All Cancers

Current Projects
Yuxiang Zhang, PhD

Dr. Zhang is studying the mechanisms that promote recurrent DNA double strand break clusters (RDCs) in the brain and liver, and how these breaks in the DNA are repaired to maintain genomic stability and suppress tumors. Recently, RDCs were found in neural stem and progenitor cells. This work may reveal if DNA breaks in RDC genes predispose individuals to genomic variations that could contribute to cancers and other diseases.

Project title: "Mechanisms that promote DNA double strand break clusters in brain and liver"
Institution: Boston Children's Hospital
Named Award: HHMI Fellow
Award Program: Fellow
Sponsor(s) / Mentor(s): Frederick W. Alt, PhD
Cancer Type: All Cancers
Research Area: Genomics
Xiaoyu Zhang, PhD

Dr. Zhang is developing small molecules that promote targeted protein degradation in human cancers. Although targeted cancer therapies have been successful in recent years, many oncogenic proteins are still considered “undruggable” because the conventional drug design strategy often fails to interfere with these proteins. One potential way to address “undruggable” oncogenic proteins may be to create a new type of bifunctional small molecule that delivers these proteins to the cellular degradation system, therefore promoting their destruction.

Project title: "Discovery of chemical probes that support targeted protein degradation in human cancer"
Institution: The Scripps Research Institute
Award Program: Fellow
Sponsor(s) / Mentor(s): Benjamin F. Cravatt, PhD
Cancer Type: All Cancers
Research Area: Chemical Biology
Ge Zheng, PhD

Dr. Zheng is taking an interdisciplinary approach to understand how transcription factors that regulate the transcription of DNA to RNA malfunction in human cancers. The B cell lymphoma/leukemia 11A (BCL11A) gene encodes a zinc-finger transcription factor, which plays a critical role in silencing fetal globin expression in the fetal-to-adult switch in red blood cells and is implicated in cancer. Dr. Zheng aims to develop novel approaches to interfere with BCL11A function, which will provide a general strategy to manipulate transcription factors as molecular targets for therapeutic benefit.

Project title: "Novel approaches to targeting zinc-finger domain of the transcription repressor BCL11A"
Institution: Boston Children's Hospital
Named Award: HHMI Fellow
Award Program: Fellow
Sponsor(s) / Mentor(s): Stuart Orkin, MD
Cancer Type: All Cancers
Research Area: Cell Biology
Xin Zhou, PhD

Dr. Zhou is using creative protein engineering approaches to interrogate two post-translational modifications (PTMs), phosphotyrosine (pY) and citrullination. A large percentage of proteins in the human proteome undergo PTMs. Characterization of these specific protein variants is critical for understanding their biological role in diseases. The function of the vast majority of pY events identified in proteomics experiments has not been understood because it is difficult to generate high-quality sequence-specific pY antibodies. Dr. Zhou proposes a novel method named pY Targeting by Recombinant Antibody Pairs (pY-TRAP) for generating tight and highly selective protein-specific pY binders. Protein citrullination is the conversion of an arginine to a citrullin catalyzed by Protein Arginine Deiminases (PADs). The substrate specificities and the function of this modification have been largely unexplored due to lack of methods and molecular tools. Dr. Zhou proposes to develop a new phage display approach to characterize substrates preference of PAD enzymes.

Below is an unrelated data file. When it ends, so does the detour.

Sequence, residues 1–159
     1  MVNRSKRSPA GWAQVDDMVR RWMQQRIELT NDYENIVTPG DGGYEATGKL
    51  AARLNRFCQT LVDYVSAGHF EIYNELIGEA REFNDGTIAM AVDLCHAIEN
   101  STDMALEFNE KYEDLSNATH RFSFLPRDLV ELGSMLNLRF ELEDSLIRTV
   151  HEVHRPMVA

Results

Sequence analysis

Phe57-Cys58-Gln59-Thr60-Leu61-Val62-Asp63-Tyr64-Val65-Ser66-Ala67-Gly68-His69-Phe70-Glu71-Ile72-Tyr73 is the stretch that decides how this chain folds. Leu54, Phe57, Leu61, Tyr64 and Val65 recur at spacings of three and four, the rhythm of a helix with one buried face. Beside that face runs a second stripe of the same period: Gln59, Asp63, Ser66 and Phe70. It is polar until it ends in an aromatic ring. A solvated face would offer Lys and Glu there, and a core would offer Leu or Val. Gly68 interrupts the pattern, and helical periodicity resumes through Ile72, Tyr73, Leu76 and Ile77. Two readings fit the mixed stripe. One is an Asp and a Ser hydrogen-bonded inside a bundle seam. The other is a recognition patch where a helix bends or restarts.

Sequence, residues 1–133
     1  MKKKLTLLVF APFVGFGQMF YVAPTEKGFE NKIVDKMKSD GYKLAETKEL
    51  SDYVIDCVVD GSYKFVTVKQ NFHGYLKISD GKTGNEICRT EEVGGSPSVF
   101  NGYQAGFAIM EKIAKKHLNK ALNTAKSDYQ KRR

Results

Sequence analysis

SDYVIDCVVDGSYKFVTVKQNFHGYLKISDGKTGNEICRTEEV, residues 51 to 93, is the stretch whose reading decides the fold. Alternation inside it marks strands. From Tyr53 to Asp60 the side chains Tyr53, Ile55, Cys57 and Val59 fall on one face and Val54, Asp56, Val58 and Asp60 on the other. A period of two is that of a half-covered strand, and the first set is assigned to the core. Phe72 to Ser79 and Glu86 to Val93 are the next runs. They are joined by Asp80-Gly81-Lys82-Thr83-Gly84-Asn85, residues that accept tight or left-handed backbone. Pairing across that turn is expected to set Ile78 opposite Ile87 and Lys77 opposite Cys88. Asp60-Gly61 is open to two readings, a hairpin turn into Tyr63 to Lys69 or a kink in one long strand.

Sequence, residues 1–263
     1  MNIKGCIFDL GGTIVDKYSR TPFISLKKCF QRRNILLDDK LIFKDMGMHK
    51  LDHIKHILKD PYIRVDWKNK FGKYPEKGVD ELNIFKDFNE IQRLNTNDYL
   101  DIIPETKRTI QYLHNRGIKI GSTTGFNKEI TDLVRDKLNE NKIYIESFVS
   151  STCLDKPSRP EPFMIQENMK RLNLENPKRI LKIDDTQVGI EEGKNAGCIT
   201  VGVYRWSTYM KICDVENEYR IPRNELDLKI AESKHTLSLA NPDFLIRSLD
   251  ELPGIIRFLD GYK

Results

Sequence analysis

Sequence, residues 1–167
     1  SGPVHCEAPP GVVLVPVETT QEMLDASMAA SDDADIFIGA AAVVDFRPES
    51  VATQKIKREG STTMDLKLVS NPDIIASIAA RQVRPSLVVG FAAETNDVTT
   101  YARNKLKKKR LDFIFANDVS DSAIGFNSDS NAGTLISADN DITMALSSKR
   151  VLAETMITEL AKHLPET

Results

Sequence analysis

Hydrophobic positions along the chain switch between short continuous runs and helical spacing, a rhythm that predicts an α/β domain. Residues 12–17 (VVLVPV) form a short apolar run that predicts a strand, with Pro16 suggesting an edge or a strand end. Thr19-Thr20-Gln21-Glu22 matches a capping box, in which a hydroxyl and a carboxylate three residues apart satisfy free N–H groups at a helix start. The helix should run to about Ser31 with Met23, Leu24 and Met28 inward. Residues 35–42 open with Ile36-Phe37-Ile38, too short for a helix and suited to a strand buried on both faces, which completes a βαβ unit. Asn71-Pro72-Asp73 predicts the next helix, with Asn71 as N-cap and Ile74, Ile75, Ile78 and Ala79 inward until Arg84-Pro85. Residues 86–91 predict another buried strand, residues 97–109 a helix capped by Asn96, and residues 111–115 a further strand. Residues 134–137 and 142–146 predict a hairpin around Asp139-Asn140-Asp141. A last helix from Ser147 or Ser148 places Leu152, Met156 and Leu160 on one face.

Project title: "Understanding and perturbing protein post-translational modifications in cancer and autoimmune diseases"
Institution: University of California, San Francisco
Named Award: Merck Fellow
Award Program: Fellow
Sponsor(s) / Mentor(s): James A. Wells, PhD
Cancer Type: All Cancers
Research Area: Chemical Biology
John C. Zinder, PhD

Dr. Zinder studies telomeres that cap the ends of chromosomes and the role they play in cancer development. Telomeres normally shorten every time a cell divides until they become so short that cell division stops. Dr. Zinder is focusing on shelterin, a multiprotein complex that binds to telomeres to protect them from being mistaken as damaged DNA. Mutations in the shelterin components are found in both cancer and premature aging diseases. By purifying this complex and visualizing it in atomic detail, he aims to gain fundamental insights into how telomeres are protected and how their length is controlled in normal cells and in cancer.

Project title: "Structure and biochemistry of human shelterin and associated factors"
Institution: The Rockefeller University
Named Award: Lorraine W. Egan Fellow
Award Program: Fellow
Sponsor(s) / Mentor(s): Titia de Lange, PhD
Cancer Type: All Cancers
Research Area: Chromosome and Telomere Biology
Boris Zinshteyn, PhD

Dr. Zinshteyn [HHMI Fellow] is using a combination of high-throughput genetic and biochemical techniques to identify the fundamental mechanisms underlying a process called nonsense-mediated decay (NMD). NMD enables cells to detect and destroy messages that are the result of potentially damaging genetic mutations. This process augments many genetic diseases and is important for cancer cells to adapt to the hostile tumor environment.

Project title: "Mechanisms of splicing-independent nonsense-mediated mRNA decay"
Institution: The Johns Hopkins University School of Medicine
Named Award: HHMI Fellow
Award Program: Fellow
Sponsor(s) / Mentor(s): Rachel Green, PhD
Cancer Type: All Cancers
Research Area: Biochemistry
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